John A. Shorter, a prominent District defense attorney who maintains he is not guilty of income tax evasion because he is a "compulsive gambler," cannot present expert witnesses to support that argument, a federal judge ruled here yesterday.

U.S. District Court Judge Harold H. Greene said that even though "pathological gambling" is widely regarded as a mental disorder there is "no general acceptance" among experts that gamblers are forced by their habit not to pay taxes.

At a pretrial hearing this week, two psychologists testifying for Shorter made that contention, while three psychiatrists and a psychologist called by the government strongly disputed it.

If Shorter's experts are correct, Greene declared in a 16-page opinion, "it would be difficult, if not impossible, to establish a principle dividing line between a lawyer who evades his income taxes on account of his compulsive gambling, and an individual who craves alcohol or drugs and commits robberies . . . to obtain the funds to satisfy his needs."

In both cases, Greene continued, "there could be presumed to be compelling forces which cause the individual" to commit a crime, and, under the argument made by Shorter, both would be "exonerated."

"That is not, and cannot be, the law," Green said.

A grand jury indictment last November charged Shorter, 57, with seven counts of tax evasion and failing to pay $287,600 in taxes, penalties, and interest from 1972 through 1983.

In yesterday's opinion, Greene said that although Shorter cannot call on experts to establish a link between gambling and tax evasion, he may testify himself about how "his gambling propensities related to his inability to pay his taxes when they were due."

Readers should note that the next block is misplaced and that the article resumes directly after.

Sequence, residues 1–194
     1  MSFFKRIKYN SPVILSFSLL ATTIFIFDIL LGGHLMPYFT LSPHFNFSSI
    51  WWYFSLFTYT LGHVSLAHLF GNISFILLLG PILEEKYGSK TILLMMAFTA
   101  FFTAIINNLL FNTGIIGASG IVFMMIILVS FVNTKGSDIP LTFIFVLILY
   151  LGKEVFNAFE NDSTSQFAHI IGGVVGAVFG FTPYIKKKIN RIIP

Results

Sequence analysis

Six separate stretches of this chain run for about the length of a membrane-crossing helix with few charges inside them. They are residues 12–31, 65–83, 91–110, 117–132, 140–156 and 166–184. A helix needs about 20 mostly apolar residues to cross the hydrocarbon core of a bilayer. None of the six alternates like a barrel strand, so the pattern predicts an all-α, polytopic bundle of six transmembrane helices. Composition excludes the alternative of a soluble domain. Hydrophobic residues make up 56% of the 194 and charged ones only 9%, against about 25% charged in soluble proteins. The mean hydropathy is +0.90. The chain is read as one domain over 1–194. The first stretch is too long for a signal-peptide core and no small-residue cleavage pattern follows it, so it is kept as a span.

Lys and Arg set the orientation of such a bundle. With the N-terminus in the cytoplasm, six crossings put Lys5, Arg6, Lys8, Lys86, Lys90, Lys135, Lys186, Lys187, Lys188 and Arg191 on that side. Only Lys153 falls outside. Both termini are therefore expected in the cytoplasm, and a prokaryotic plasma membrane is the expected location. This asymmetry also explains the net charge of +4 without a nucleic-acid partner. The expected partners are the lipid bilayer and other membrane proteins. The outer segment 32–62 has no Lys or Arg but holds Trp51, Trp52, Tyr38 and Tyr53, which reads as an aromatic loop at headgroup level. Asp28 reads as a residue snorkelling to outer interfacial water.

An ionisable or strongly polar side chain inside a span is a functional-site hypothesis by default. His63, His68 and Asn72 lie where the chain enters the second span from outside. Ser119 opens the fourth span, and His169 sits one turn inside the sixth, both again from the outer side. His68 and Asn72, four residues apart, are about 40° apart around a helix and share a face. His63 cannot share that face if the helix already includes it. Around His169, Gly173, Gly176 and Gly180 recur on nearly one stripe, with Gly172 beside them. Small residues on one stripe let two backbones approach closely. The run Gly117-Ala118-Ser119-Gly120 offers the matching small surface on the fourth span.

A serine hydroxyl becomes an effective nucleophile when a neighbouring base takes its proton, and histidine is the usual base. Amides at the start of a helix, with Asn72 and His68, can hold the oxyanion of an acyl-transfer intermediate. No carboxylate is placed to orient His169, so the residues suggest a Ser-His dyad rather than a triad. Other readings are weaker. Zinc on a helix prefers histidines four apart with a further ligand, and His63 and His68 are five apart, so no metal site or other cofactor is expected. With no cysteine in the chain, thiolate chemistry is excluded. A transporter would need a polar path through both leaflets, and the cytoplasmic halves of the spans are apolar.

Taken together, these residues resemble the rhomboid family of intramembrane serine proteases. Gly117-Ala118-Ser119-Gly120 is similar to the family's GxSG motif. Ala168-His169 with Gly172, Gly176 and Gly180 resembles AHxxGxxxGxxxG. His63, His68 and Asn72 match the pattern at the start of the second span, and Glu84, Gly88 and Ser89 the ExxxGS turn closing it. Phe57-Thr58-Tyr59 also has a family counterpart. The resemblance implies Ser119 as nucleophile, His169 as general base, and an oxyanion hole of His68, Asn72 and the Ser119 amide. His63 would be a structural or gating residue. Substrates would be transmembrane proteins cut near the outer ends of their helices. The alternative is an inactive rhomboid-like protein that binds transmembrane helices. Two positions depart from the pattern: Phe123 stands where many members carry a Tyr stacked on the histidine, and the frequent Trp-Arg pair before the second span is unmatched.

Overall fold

In June Shorter was scheduled to plead guilty to six misdemeanor counts in the case in return for an agreement by prosecutors to dismss the more serious felony charge. But he withdrew from the plea bargain just minutes before it was to be presented in court.

During this week's hearing, his new attorney, Spencer H. Boyer, said Shorter was compelled by his mental disorder to spend nearly all his money on gambling, rather than pay taxes. Boyer said gambling also explained Shorter's "cash lifestyle" in which he accepted all fees in cash and kept no bank accounts.

Assistant U.S. Attorney Carol E. Bruce said the government's evidence shows that during the years Shorter did not pay taxes he spent substantial sums on renting a Mercedes and on expensive gifts to a girlfriend. The government contends that Shorter did his business in cash to avoid making the records through which taxes are computed.

His trial is scheduled to begin on Tuesday.